Beverley Road, Hull, East Yorkshire
A striking 1960s design by a local architectural practice, with complete period fittings. The diocesan historian Robert Carson considered the chapel ‘so successful in its design and furnishings, a chapel of such remarkable beauty, that one begins to take a real pride in twentieth century architecture.’
St Anthony and Our Lady of Mercy only became a parish church in 1976, having originally formed part of Endsleigh Teacher Training College. Endsleigh House was bought in 1899 and used as a Catholic private school. In 1905 it was converted to a teacher training college with sixteen students and two student Sisters. College buildings were erected to the designs of Joseph Henry Hirst. A chapel was opened in 1908 and further college buildings were added in 1928 and, more extensively, in 1960, by which time the college accommodation had reached 650. The present parish church was opened as the college chapel in 1965. Changes in Government education policy in 1974 caused the merger of the college with other facilities in Hull and the campus was closed.
The church is fan-shaped in plan. Concrete portal frame with yellow brick infill. Shallow-pitched sheet metal clad roof. The main rear wall is flat (apart from the canted projection of the sanctuary) and blind, with a parapet, and extends across the building at full height. From this wall the main body of the church radiates, three facetted bays to either side, with a saw tooth eaves line, then a projecting square block which houses the narthex and west gallery. The saw tooth eaves continue just above the entrance block to complete the fan shape. Attached to the other side of the main wall are the low, square projections of the side chapels and sacristies and a concrete framed bell tower with shallow pitched roof. The entrance block is clad is artificial stone, has a wide, glazed screen with central doors and a thin flat canopy. Above this an inset panel of decorative mosaic by Ludwig Oppenheimer Ltd of Manchester (the firm ceased trading in 1965). The facetted elevations have large glazed areas (reduced on the easternmost bay) set in a bold concrete grid of mullions and transoms, tripartite in the centre with a border of smaller divisions. The bell tower is placed in the centre of the east wall and has a portcullis-like bell-opening facing west.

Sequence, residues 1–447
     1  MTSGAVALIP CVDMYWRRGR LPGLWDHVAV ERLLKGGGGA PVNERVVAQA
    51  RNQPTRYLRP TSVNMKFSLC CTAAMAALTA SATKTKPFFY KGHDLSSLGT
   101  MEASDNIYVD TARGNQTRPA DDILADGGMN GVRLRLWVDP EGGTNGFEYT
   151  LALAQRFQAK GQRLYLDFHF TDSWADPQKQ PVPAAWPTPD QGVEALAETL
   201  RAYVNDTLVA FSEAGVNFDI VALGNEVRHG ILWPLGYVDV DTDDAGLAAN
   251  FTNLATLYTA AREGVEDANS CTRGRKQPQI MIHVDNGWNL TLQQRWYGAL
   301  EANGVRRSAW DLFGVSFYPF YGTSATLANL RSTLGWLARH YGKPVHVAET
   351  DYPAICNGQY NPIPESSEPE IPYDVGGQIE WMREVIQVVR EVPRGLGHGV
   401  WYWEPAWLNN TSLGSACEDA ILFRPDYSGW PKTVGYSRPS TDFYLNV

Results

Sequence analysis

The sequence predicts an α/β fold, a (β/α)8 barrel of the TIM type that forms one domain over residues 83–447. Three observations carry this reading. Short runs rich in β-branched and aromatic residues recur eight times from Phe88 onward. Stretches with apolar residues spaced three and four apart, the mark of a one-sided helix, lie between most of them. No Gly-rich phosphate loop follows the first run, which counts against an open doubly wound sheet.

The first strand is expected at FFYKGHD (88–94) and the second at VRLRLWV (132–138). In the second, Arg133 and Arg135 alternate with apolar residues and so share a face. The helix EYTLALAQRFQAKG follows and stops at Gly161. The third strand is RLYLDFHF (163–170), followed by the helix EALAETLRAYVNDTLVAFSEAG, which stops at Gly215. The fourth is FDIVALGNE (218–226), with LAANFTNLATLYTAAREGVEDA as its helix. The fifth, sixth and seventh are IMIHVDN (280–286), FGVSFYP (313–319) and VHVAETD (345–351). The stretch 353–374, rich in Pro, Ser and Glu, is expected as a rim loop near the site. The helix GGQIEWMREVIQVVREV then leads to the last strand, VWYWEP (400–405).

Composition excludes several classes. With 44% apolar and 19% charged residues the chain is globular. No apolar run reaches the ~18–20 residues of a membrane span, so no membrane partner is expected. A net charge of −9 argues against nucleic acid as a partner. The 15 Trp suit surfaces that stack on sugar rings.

The interior is a light and spacious essentially single cell, with the shallow canted projection of the sanctuary (top lit by a row of seven small circular skylights), the low side chapels and the organ gallery. The concrete portal frame provides a dramatic grid radiating from the centre of the east wall. Sanctuary fittings in contrasting marbles, by Toffolo & Son of Hull, designed as a piece. Similar marble altar in the northeast side chapel. The chapels have subtle shallow-pitched arches. West gallery also with circular skylights. Organ pipes at either end arranged within a striking double-curve enclosure, like a grand piano in plan. Open-backed pews and original light fittings. Stained glass by Leo Earley of Earley & Co. of Dublin. Stations of the Cross, wooden relief panels set within integral frames, somewhat stark.
Architect: Williams, Sleight & Co.
Original Date: 1965
Conservation Area: Yes
Listed Grade: Not Listed